Thursday, July 13, 2006

"Will Hillary be the Humphrey of 2008?"

There is no way a politician as savvy as Bill Clinton could be this clueless about just how seismic a division Iraq is for Democrats, so I can only assume it was the guilt talking -- the former president trying to make up for the wrong-headed advice he's been giving Hillary about adopting a Bush-lite, "centrist" stance on the war. A stance that means she has to keep assuming, in the face of all evidence, that everything will turn out okay in Iraq -- an assumption that with each passing car bomb explosion and sectarian massacre becomes more and more divorced from reality and puts Hillary, and all those who agree with her, on the wrong side of history.

I find it amazing that Clinton's comments on Iraq didn't cause more of an uproar. Indeed, they were nowhere to be found in the mainstream press, relegated to a single paragraph in a story in the Aspen Daily News.

If you want a better understanding of the importance of Democratic differences over the war, just look at what happened in 1968. The presidential campaign was all about the battle over how to deal with Vietnam. In the Democratic primaries, first Eugene McCarthy and then Bobby Kennedy took courageous stands against LBJ's prosecution of the war, eventually leading Johnson to announce he would not seek re-election and causing a massive rift in the party. Before RFK was gunned down following his victory in the California primary, the race was shaping up to be a showdown between the anti-war Kennedy and Vice President Humphrey, who was standing behind Johnson's handling of Vietnam.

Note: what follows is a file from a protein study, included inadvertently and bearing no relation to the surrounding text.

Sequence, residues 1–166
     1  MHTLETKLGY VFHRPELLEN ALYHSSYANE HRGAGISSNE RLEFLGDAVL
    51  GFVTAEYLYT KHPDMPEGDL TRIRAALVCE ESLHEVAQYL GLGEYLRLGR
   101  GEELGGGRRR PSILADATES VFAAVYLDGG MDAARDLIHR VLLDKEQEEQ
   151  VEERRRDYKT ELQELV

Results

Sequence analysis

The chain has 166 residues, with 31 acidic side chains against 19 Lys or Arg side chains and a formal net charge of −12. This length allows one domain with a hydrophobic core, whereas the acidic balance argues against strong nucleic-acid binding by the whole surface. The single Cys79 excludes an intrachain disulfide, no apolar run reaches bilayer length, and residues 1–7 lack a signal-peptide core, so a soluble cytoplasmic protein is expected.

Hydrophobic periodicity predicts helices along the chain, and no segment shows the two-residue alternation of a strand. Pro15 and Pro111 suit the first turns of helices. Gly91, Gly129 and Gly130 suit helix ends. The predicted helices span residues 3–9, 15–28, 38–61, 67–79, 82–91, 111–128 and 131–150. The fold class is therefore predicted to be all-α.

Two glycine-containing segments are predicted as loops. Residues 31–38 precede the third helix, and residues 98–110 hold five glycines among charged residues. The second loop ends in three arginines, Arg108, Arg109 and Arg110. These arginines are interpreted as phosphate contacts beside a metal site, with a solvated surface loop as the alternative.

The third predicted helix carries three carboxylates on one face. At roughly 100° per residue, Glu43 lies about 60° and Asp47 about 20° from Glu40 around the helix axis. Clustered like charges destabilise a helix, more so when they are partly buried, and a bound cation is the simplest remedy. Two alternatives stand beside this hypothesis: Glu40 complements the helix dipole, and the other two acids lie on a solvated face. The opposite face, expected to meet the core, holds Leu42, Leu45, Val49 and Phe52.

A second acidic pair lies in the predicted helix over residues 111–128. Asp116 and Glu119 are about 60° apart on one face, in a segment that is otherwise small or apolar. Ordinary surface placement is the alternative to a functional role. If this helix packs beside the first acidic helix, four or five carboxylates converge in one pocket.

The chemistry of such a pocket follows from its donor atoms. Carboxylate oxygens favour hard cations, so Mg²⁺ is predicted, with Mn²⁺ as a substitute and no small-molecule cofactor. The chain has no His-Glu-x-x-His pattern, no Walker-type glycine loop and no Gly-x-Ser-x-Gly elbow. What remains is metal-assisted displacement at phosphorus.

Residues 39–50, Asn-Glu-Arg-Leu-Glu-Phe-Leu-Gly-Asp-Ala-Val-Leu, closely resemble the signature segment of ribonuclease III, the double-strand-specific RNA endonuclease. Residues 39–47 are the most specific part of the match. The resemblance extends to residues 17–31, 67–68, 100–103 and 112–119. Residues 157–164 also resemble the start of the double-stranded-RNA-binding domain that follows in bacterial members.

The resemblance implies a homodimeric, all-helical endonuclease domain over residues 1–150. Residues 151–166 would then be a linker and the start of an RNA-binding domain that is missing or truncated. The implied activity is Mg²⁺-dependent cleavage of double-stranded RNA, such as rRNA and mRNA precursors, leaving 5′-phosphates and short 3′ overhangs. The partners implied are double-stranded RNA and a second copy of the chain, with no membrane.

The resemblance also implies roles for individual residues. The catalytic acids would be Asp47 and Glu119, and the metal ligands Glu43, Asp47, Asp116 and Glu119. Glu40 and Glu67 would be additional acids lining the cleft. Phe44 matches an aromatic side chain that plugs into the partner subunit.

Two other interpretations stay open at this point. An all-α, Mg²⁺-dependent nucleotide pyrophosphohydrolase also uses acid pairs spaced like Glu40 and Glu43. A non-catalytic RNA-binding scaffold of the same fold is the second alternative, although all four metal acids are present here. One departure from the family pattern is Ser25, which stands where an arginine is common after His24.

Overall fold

Can you imagine someone in 1968 telling Bobby Kennedy and Hubert Humphrey that they "ought to be whipped" for fighting over their views on Vietnam?

In the end, Kennedy was assassinated, and Humphrey (backed by the party bosses) prevailed over McCarthy to win the nomination. In the general election campaign against Nixon, Humphrey continued to defend the war, alienating the Democratic base and prompting anti-war protests at almost all of his campaign appearances. Five weeks before the election, trailing Nixon badly in the polls, Humphrey finally made a speech distancing himself from Johnson and calling for an end to the U.S. bombing in Vietnam. The move turned his campaign around -- but not in time to overtake Nixon. There is speculation that if Humphrey had come out against the bombing even one week earlier, he might have prevailed.

So, 40 years later, the question becomes: will Hillary be the Humphrey of 2008?

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